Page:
As I read Dr. Kenneth G. Adler's article “Successful EHR Implementations: Attitude Is Everything” [November/December 2010], I considered my own experience with electronic health record systems (EHRs). I've used three different systems and have always been committed to successful implementation, just as Dr. Adler recommends. After using one particular EHR for 18 months, I even spent over four hours with the vendor's representatives discussing useful and producible improvements that I believed were needed. The representatives listened intently, took notes and were very polite. In the following year, they implemented exactly zero of these improvements.
Vendors' most common excuse for not changing something simple is, “What if a different provider wants to arrange the problem list (or other feature) differently?” If they want users' suggestions, then they need to act on them or at least have a good reason why they won't. I feel somewhat displeased about paying $60,000 for a poor program and spending time trying to help the vendor improve it only to be charged for system updates that fix problems like bugs and logistical issues. As expensive as the updates are, you would think vendors could afford to pay us to help develop their products, not continually charge us for them. Adobe Photoshop is a much more elegant and sophisticated program, but it only costs $700. Why are EHRs so expensive?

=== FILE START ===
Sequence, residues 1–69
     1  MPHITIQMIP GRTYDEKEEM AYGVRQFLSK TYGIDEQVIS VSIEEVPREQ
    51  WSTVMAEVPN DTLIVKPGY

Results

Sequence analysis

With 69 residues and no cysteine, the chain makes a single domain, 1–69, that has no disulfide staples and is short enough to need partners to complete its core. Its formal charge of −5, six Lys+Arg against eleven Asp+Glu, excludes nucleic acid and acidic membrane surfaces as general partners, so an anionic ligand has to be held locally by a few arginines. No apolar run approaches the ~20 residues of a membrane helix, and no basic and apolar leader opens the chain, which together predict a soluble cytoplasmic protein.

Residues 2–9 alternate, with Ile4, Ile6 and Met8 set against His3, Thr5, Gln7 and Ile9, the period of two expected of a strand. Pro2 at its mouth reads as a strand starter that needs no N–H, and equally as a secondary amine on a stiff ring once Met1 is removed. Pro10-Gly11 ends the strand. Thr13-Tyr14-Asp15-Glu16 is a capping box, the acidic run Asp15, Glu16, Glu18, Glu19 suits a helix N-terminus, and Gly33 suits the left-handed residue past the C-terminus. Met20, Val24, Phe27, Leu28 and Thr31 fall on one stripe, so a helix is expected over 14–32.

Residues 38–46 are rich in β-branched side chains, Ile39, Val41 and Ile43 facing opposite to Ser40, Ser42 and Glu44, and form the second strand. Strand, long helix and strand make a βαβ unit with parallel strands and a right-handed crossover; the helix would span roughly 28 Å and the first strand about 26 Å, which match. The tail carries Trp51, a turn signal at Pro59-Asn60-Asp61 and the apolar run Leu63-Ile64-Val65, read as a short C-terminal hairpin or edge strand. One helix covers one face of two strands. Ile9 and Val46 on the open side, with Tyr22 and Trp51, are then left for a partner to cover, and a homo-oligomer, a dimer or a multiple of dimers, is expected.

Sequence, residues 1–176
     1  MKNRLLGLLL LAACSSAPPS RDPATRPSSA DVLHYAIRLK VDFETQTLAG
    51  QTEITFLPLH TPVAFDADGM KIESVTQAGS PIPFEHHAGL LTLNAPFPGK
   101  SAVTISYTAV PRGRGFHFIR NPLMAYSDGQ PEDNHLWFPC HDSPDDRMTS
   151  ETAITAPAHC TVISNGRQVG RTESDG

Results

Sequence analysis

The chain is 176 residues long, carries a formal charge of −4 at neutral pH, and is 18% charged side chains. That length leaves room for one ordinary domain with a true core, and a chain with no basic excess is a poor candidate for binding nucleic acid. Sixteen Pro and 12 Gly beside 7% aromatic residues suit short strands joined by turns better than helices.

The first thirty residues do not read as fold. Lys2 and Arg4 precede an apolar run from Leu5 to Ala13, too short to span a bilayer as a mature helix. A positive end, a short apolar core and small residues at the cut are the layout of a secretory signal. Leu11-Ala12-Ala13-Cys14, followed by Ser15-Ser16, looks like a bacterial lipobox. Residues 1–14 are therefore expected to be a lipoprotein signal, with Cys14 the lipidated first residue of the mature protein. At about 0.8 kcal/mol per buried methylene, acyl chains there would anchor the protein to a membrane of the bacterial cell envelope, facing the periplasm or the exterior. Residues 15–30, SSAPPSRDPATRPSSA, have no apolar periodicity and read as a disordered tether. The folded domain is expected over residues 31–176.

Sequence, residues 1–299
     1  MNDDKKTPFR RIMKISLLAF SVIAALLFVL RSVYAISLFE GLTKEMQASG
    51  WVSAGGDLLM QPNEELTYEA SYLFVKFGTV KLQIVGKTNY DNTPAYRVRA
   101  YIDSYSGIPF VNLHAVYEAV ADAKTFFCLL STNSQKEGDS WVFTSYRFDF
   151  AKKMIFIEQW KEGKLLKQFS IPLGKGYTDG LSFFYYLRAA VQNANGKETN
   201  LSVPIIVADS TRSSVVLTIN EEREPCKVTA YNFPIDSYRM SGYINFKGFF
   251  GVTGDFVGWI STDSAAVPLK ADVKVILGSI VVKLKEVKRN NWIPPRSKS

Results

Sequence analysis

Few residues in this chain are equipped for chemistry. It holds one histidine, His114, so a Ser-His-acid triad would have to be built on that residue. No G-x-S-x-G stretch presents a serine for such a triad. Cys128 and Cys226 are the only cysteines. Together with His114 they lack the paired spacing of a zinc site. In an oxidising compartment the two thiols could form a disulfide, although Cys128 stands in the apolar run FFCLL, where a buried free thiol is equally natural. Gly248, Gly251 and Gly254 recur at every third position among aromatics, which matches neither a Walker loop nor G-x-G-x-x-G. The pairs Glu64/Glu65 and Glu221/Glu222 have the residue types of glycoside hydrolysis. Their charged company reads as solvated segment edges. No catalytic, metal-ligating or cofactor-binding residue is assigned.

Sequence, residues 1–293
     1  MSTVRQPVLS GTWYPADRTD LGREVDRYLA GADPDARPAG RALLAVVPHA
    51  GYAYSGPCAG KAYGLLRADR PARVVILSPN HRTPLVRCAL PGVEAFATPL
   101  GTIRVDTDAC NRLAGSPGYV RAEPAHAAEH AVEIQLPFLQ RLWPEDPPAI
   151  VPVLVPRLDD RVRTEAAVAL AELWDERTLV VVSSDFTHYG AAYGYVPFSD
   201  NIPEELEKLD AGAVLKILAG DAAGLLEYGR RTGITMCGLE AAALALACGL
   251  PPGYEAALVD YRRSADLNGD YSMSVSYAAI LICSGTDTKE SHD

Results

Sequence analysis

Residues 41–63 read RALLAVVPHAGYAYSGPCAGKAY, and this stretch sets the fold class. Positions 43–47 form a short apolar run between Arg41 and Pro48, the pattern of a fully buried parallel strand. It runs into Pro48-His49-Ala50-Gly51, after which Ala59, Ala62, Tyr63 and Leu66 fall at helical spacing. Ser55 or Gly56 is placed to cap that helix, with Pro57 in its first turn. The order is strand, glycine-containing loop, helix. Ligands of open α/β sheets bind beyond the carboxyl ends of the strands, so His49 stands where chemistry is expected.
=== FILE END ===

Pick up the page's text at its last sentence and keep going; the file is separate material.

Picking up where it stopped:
These are the problems that make EHR software especially difficult to use:
First, many physicians recall producing – and many physicians still produce – paper-based documentation that includes, simply, diagnoses, treatment (frequently in shorthand) and any patient instructions, labs or other follow-up. This information can fit on a small sticky note. This approach has served physicians well for many years, so why don't EHR vendors take a similar approach? If I diagnose only “bronchitis,” that means my eye exam is normal. If the eye exam isn't normal, I make the appropriate additional diagnosis. The EHR I use now requires that I document all normal findings because the software does not respond properly to the diagnosis or problems handled in the office visit. There is currently no EHR that performs in the manner that most physicians are used to. I heard somewhere that the software is supposed to be tailored to the user, not the other way around.
Another problem is that although my computer's word-processing software can correct as I type, mark misspelled words and expand my abbreviations on the fly (even my cell phone can pick “probable” words as I text), my EHR offers few, if any, of these standard word-processing features – and it costs 600 times as much.
And finally, wouldn't it be nice if physicians did not have to invest as much time up front preparing their EHRs to do things the way that most of us do them all the time? Instead, we receive these systems as blank slates – to allow us to specify one of the supposed infinite number of ways to describe each medication, each procedure, each follow up, etc. How many different ways can you write a sig for amlodipine? As far as I am aware, 99.5 percent or more of the time, it is written as 1 tablet, by mouth, once a day. Why not build in defaults with the option to make changes later so that we can get to work?